[RFC][PATCH 0/7] UBI checkpointing support

Artem Bityutskiy dedekind1 at gmail.com
Wed Mar 7 11:33:27 EST 2012

Just basic questions to make sure I understand things correctly.

Do you have plans to also change the user-space tools?

On Tue, 2012-02-14 at 21:06 +0100, Richard Weinberger wrote:
> 1) A primary checkpoint block, which contains merily a pointer to the
>    erase block(s) which hold the real checkpointing data.
>    This primary block is guaranteed to be held within the first N
>    eraseblocks of a device. N is momentarily set to 16, but it might
>    be necessary to make this configurable in some way.

Does it mean that you reserve the first 16 PEBs for the primary block? 

I guess we need to carefully look an this number and make the default to
be good enough for the general case.

> 2) The secondary checkpoint blocks, which contain the real
>    checkpointing data (physical to logical eraseblock relations,
>    erase counts, sequence numbers ...)

>    Aside of that the checkpointing data contains a list of blocks
>    which belong to the active working pool. The active working pool is
>    a fixed number of blocks for shortterm, longterm and unknown
>    storage time, which can be modified before the next checkpoint set
>    is written to FLASH. These blocks need to be scanned in the
>    conventional UBI scan mode.

BTW, WRT short-term etc - how about just killing these concepts? I am
really not sure they make much sense anyway and give any improvements. 

I guess this would simplify things for you as well. I'd vote for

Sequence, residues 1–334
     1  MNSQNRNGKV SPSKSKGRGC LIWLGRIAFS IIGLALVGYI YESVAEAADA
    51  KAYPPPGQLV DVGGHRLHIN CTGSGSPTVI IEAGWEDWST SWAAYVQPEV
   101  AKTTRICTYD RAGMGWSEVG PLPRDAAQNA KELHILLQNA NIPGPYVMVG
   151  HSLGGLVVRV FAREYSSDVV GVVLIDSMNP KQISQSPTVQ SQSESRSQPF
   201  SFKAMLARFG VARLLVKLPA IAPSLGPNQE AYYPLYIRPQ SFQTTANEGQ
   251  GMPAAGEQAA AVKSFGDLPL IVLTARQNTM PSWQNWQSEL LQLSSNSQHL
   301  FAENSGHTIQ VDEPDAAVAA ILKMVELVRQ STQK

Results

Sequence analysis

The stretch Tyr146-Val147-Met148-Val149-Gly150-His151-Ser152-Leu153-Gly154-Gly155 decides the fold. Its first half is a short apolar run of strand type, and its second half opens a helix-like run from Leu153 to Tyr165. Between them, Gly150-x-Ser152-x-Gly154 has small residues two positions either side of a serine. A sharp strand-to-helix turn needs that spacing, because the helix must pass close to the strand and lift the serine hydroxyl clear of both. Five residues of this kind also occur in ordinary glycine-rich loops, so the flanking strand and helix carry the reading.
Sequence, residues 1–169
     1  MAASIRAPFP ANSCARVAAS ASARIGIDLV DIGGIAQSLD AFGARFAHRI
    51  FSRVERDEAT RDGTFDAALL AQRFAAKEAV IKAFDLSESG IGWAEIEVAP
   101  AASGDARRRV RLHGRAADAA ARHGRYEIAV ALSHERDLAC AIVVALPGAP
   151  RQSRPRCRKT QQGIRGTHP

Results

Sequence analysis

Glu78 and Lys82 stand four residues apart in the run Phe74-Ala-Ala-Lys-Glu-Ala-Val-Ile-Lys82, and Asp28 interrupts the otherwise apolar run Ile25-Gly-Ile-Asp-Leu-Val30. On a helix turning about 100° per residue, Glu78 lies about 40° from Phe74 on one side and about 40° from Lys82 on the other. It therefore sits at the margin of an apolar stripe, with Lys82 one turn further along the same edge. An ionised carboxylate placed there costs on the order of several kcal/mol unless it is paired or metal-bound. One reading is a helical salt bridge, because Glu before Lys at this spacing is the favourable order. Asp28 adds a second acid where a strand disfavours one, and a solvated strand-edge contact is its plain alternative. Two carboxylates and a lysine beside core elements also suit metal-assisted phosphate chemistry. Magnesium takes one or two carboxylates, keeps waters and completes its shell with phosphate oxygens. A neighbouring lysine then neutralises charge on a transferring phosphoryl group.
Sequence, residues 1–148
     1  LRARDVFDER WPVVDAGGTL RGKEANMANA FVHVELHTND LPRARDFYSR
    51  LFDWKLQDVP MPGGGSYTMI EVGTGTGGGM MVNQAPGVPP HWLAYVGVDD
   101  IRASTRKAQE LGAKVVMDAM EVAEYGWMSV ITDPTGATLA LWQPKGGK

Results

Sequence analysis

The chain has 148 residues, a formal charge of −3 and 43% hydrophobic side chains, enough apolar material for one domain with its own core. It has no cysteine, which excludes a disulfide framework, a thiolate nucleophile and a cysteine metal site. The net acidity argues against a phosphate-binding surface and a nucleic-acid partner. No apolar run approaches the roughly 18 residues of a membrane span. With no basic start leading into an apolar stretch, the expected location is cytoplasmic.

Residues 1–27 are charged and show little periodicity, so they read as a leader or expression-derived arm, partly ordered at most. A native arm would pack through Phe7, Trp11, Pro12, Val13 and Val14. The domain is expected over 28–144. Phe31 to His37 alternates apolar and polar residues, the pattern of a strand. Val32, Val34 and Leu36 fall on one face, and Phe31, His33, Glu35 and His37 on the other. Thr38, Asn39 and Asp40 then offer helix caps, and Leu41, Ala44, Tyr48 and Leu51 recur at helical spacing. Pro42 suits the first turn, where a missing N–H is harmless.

removing them.

>    The reason for these pool blocks is to reduce the checkpoint
>    updates to the necessary minimum to avoid accelerated device
>    wearout in scenarios where data changes rapidly. The checkpoint
>    data is updated whenever a working pool runs out of blocks.
>    The number of pool blocks can be defined with a config option at
>    the moment, but this could also be done at runtime via sysfs. In
>    case of a change the checkpointing data would be reconstructed.

Id suggest to introduce as few configuration knob as possible. My
experience show that they usually only hurt. I'd stick to this rule for
most cases: no user, no knob.

> So the checkpoint scan consists of the following steps:
>    1) Find the primary checkpoint block by scanning the start of the
>       device.
>    2) Read the real checkpoint data and construct the UBI device info
>       structures.
>    3) Scan the pool blocks.
> All these operations scan a limited number of erase blocks which makes
> the UBI init O(1) and independent of the device size.

Well, is it really true? The larger is the flash the more you read and
process anyway, and it is still linear, but the multiplier becomes very
small, so this is a huge improvement.

> The checkpoint functionality is fully compatible with existing UBI
> deployments. If no checkpoint blocks can be found then the device is
> scanned and the checkpoint blocks are created from the scanned
> information.
> Aside of review and testing it needs to be decided, whether the number
> of pool blocks should be deduced from the device size (number of
> physical eraseblocks) or made configurable at compile or runtime.

I would go for automatic decisions. Manual configuration can always be
added later if needed.

> Thanks to the folks at CELF who sponsored this work!

Indeed thanks! And thank you Richard!

Best Regards,
Artem Bityutskiy

More information about the linux-mtd mailing list